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IT is due to the munificent liberality of the Radcliffe Trustees, and also to the judicious and long continued exertions of my predecessor, the late Dr. Williams, that the scientific public should be made acquainted with the valuable collection contained in that splendid repository, the Radcliffe Library.

With great readiness therefore I proceeded to obey the direction, given by the Trustees in last June, to make a Catalogue of its contents. And though I do not consider that which is now published as a sufficiently satisfactory representation of the valuable collection it describes; yet, considering the length of time which would have been required for the construction of a Catalogue complete in all its details; and that a knowledge of the contents of the Library, by leading to a knowledge of its deficiencies also, would tend to accelerate its improvement; it has been thought right to give immediate publication to the present sketch: respecting the plan of which a very few observations will be sufficient.

The primary object in this, as in the Catalogue of every Library indeed, being a clear and succinct description of the title of each book noticed in it; in order that its existence in the Library may be easily ascertained; I have, in general, in order to distract the eye as little as possible, described the authors of individual works simply by their surnames and the initial of their other name or names, without the addition of their official or other titles: and this will not, I trust, be considered disrespectful. In some instances indeed the sur

name only has been given, as being even more forcibly descriptive than any addition could make it. No other appellation need be added, it may be presumed, to the name of Linnæus, Buffon, or Cuvier.

With respect to books which are either extensively known, or are to be found in most large libraries of natural history, no further description has been given than was considered just sufficient to verify their existence in the collection: but with respect to books which are at the same time of rare occurrence, and of intrinsic value from the character of their contents, in addition to the general description has been occasionally subjoined a short account of the plates, &c. contained in them. On such occasions, where Zoology is the subject-matter, the classification of the "Règne Animal" of Cuvier has been principally adopted; substituting however, usually, a Latin instead of a French nomenclature; and sometimes employing equivalent instead of identical terms, as "Accipitres” for “Oiseaux de proie," and "Gralla" for "Echassiers."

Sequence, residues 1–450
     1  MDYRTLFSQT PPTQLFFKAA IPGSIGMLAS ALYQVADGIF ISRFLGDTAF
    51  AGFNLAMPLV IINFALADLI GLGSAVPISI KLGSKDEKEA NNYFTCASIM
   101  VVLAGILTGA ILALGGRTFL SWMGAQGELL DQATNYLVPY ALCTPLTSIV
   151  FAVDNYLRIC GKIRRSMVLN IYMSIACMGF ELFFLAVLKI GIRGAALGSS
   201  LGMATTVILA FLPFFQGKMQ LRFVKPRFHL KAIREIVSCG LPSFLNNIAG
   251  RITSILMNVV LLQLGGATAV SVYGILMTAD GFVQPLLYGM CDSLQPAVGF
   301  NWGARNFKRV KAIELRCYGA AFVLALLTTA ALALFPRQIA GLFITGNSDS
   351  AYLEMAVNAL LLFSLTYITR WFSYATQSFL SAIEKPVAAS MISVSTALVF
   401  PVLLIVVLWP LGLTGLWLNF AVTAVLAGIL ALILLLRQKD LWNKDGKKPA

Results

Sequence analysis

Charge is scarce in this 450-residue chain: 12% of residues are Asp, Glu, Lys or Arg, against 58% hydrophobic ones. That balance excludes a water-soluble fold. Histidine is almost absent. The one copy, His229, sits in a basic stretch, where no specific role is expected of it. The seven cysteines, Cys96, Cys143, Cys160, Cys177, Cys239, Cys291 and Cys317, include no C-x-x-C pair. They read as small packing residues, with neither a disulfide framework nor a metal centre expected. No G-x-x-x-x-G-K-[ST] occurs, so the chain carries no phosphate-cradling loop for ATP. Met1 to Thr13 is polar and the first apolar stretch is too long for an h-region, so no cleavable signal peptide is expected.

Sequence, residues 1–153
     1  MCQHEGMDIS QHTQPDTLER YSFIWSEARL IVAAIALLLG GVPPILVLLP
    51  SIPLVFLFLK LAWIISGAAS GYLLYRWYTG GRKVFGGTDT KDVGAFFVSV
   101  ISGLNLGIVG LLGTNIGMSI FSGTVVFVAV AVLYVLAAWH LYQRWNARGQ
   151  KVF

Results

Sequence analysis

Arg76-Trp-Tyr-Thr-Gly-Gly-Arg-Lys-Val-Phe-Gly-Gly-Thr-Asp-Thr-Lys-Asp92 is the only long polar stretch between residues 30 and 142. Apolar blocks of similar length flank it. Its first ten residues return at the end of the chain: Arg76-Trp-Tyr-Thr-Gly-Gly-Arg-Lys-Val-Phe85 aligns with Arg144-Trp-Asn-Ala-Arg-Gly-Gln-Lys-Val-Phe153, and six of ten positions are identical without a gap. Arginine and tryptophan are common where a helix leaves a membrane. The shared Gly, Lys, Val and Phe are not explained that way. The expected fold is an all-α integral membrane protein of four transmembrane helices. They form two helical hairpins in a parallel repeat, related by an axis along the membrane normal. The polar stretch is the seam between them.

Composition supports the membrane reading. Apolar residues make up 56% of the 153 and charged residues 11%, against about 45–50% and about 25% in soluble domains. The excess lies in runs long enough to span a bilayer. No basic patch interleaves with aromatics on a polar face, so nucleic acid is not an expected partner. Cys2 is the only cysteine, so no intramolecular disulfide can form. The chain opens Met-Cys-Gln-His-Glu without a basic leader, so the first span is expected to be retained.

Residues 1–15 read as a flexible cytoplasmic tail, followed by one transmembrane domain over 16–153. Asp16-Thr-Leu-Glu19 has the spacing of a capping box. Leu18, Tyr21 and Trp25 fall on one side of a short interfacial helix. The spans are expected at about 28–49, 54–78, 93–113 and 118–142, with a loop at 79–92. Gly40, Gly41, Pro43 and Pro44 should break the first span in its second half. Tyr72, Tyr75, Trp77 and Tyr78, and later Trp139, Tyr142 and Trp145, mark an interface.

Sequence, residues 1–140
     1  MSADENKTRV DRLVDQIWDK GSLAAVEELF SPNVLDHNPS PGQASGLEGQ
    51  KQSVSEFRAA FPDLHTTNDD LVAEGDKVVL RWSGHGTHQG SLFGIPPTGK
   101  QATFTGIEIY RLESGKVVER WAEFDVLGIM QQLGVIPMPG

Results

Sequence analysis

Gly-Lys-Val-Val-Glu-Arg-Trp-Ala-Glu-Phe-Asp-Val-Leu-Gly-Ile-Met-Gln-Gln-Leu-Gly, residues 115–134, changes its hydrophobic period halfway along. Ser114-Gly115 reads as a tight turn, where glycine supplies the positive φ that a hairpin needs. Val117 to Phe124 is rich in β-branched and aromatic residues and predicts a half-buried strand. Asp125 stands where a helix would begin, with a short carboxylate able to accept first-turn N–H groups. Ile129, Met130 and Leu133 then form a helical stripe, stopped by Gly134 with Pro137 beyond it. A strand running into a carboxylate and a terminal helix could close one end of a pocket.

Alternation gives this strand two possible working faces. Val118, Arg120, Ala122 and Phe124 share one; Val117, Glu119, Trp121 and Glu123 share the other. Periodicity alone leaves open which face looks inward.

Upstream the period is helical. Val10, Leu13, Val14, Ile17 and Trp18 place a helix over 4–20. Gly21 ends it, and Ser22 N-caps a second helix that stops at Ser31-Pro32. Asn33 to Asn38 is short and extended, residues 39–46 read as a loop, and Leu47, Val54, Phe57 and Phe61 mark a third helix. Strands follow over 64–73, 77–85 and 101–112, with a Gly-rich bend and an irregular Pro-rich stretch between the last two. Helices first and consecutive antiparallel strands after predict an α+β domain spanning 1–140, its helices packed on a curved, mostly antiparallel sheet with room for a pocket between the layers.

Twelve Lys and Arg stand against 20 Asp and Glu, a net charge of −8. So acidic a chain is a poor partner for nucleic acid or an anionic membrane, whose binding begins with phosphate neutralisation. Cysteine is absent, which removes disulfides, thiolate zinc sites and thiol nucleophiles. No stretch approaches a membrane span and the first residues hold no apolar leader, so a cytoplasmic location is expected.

In books to which the author's name is not added, or which are the production of a Collective Society, the initial letter of that appellation by which the book is most commonly known, or of the most characteristic term of the whole title, has determined its alphabetical position in the Catalogue. Thus the Transactions of the Royal Society of London, being most familiarly known under the name of the "Philosophical Transactions," are noticed under the initial letter of that term: but the Transactions of the Philosophical Societies of Cambridge or Manchester are noticed respectively under the initials of those places.

Where the title of a work has been thought too long and diffuse, it has been compressed; and in some instances the

terms of the original description have even been varied: such a liberty being usually considered allowable, provided the purport of the work be truly described. And when the same book is written in more than one language, the description of it has been given in that which is the most generally known; but the common Latin abbreviations relative to the size, &c. of a book or set of books have been used indifferently; which is manifestly convenient to all parties.

Although it is not necessary to enter into a consideration of the reasons which determined the order of classification which has been adopted in the following Catalogue; yet, for the convenience of those who may at any time consult the Library, it is desirable to state that the general subjects are there classed in the same order as they occur in the Library itself. And it will be seen that those subjects are such only as have a direct relation to medicine, or are more or less remotely connected with it; this being in accordance with the intention of the Founder.

As the subjects have been classed under as many as ten distinct divisions, with an alphabetical arrangement in each division, the difficulty of finding any individual work will probably be very trifling; and I have therefore not thought it necessary to add a general Index: though, had there been sufficient time, I should have been desirous of adding an index which should not merely have referred to individual works, but, under appropriate heads, to all the works, and portions of works contained in the library, that bear upon the several branches of each department of Natural History. In order however to facilitate the search for any individual work, I have subjoined to this advertisement the order of arrangement of the subjectsa.

a See p. viii.

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